In a surprising move, the UK government has announced that it will award 45,000 visas for seasonal workers in the agricultural sector next year. This decision has caught many political observers off guard, considering calls from within the ruling Conservative party to discourage and reduce immigration.
Despite Home Secretary Suella Braverman’s statement a day earlier that Britain should train its own lorry drivers and fruit pickers instead of relying on immigration, Downing Street has defended the decision to grant the visas.
According to a spokesman, the current rules provide flexibility to adjust the immigration system based on the needs of the UK, emphasizing that the country has a historically low unemployment rate.
The government’s announcement of the visa allocation coincides with a new package of measures to support the farming industry and assist farmers who have been struggling with soaring costs.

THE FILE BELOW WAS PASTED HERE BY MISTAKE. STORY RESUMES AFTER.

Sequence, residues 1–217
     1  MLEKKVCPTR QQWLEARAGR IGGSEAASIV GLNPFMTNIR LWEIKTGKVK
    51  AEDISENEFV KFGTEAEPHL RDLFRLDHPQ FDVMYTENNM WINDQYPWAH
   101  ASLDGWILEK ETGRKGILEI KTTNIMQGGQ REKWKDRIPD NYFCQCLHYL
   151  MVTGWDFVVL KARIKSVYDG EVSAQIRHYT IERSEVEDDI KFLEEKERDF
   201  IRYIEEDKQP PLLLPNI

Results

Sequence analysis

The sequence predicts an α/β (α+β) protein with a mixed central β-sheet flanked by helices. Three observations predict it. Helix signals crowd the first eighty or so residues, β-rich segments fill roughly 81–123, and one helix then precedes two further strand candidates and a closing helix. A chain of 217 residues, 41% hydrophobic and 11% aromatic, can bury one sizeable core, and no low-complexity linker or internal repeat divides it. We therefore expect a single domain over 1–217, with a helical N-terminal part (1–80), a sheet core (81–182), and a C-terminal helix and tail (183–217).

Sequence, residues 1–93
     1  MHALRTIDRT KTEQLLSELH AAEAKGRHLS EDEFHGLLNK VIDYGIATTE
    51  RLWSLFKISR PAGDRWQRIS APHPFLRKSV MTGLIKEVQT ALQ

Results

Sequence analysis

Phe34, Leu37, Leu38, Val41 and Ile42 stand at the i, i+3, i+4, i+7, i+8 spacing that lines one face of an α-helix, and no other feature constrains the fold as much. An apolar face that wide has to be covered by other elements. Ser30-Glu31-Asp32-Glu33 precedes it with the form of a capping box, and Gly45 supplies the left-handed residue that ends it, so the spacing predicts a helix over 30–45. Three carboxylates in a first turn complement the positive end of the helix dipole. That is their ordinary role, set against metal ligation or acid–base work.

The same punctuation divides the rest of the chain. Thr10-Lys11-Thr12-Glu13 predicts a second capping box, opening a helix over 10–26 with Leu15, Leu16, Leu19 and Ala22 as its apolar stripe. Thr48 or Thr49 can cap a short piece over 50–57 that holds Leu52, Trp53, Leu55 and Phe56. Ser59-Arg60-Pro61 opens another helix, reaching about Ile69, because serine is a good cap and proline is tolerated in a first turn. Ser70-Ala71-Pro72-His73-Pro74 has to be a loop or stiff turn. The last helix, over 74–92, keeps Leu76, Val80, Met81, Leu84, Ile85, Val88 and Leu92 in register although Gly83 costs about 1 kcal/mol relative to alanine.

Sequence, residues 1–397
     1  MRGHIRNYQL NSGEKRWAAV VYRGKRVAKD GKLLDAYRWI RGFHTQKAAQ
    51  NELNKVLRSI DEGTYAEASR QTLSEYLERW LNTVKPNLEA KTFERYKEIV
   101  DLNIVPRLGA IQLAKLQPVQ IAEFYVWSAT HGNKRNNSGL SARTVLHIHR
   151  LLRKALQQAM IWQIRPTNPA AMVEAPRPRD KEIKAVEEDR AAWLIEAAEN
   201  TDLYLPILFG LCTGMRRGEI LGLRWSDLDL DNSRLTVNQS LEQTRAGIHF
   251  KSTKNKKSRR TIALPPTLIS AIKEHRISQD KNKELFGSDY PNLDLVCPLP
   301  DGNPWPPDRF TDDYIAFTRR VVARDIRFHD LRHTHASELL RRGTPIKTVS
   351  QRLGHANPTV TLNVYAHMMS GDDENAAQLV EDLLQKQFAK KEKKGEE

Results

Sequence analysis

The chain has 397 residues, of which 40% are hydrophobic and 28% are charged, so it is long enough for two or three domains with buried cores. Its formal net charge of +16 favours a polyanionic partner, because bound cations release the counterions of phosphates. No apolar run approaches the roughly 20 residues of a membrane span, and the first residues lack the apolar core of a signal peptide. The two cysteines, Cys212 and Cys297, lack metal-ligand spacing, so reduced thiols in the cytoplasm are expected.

The British agriculture ecosystem has traditionally relied on workers from EU member states, but stricter immigration rules and Brexit have made it challenging to hire workers from the bloc. Despite this, the government is pushing forward with its agenda and promises to give farmers greater protections in future trade deals and prioritize new export opportunities.
However, while the government is announcing visas for seasonal agriculture workers, it is simultaneously exploring plans to prevent family members from joining foreign master’s students at UK universities.
The Department of Education, Home Office, and Treasury are currently discussing a proposal to restrict dependents from accompanying master’s students on one-year courses. If implemented, this plan would particularly affect students from India and Nigeria.